Up, down, down some more, up a little, down a little. Interest rates have been zigzagging in recent months.
One thing is for certain, these current levels are historically low.
Mortgage interest rates are based off of prime rate. Looking at the history of prime, going back to 1947, is amazing. Prime has flucuated from 1.75 to 21.5. Take a look at the figures in that chart. The levels we saw in recent months are incredibly and buck the historical averages. As of June 1, prime was 3.25. This is a level we saw in December 2008 for the first time in 54 years.
If you are waiting for the housing market to hit bottom and interest rates to drop before taking the plunge to getting your mortgage, it is a risk. Looking at history, we are in a golden period right now. The period after WWII had issues that kept prime low, and the Fed is taking action right now to keep prime low too.
How long will it last? You'd need a crystal ball to know for sure. Some people are waiting to buy houses until the prices drop a little lower, closer to hitting bottom. This is a gamble that could end up costing thousands due to the interest rates.
Say buyers are looking at a $135,000 home (median for Green County). They are unsure of when to buy.
- If they would have bought when the mortgage rates were 4.75%, they would pay $118,522 of interest over the course of a 30 year loan.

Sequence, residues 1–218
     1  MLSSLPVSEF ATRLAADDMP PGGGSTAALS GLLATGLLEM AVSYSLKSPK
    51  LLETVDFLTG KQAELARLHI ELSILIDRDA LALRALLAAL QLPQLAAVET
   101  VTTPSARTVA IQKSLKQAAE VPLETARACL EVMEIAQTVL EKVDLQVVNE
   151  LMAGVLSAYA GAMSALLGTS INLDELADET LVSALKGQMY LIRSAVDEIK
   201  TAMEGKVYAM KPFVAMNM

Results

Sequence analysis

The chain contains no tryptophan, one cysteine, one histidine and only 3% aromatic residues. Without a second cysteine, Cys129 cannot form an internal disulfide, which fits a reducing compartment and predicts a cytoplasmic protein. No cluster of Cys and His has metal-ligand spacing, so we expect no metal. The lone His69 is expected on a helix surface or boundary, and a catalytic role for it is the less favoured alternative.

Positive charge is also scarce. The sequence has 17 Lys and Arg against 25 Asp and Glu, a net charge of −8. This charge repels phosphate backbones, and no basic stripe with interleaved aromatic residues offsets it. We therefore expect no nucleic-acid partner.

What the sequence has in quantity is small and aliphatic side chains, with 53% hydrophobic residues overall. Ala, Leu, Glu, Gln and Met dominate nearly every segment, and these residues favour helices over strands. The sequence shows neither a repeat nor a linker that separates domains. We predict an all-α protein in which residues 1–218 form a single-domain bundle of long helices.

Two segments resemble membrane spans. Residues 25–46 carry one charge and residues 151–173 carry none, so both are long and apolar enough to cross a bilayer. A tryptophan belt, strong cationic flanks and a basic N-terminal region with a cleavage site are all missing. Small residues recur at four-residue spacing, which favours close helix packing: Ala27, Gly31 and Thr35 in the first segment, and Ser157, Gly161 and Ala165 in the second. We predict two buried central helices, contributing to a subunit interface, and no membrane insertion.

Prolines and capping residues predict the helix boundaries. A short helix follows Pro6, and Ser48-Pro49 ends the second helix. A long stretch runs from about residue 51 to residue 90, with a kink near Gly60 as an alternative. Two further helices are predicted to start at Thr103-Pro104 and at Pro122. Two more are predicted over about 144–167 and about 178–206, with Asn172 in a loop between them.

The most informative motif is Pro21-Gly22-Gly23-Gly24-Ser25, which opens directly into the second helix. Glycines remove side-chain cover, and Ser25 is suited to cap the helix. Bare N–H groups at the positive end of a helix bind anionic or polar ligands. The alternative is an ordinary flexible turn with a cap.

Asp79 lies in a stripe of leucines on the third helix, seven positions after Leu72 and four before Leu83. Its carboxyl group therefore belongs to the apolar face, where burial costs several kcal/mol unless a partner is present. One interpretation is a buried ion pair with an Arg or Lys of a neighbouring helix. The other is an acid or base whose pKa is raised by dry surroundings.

- If they purchase when the mortgage rates are 5.5%, they will pay $140,942 in interest.
- If they purchase when the mortgage rates are 6.25% (still considered a great rate just a decade ago), they will pay $164,237 in interest.
What happens if they wait to purchase, hoping prices drop? If that $135,000 drops to $130,000, but the interest rates don't drop back down to the 4.75% levels, what happens?
- They will pay $128,422 in interest if their mortgage is at a 5.25% rate.
- They pay $135,722 in interest if their mortgage rate is 5.5%.
- They pay $158,157 in interest with a 6.25% rate.
We do know from looking at history that these super-low rates will not last. We know that the government is working to keep rates low for a while, but how low and for how long, no one knows. The only thing I know for certain is that if a buyer is waiting for prices to drop "just a little more", but the interest rates bump up even .5%, they will cost themselves thousands of dollars in the long run.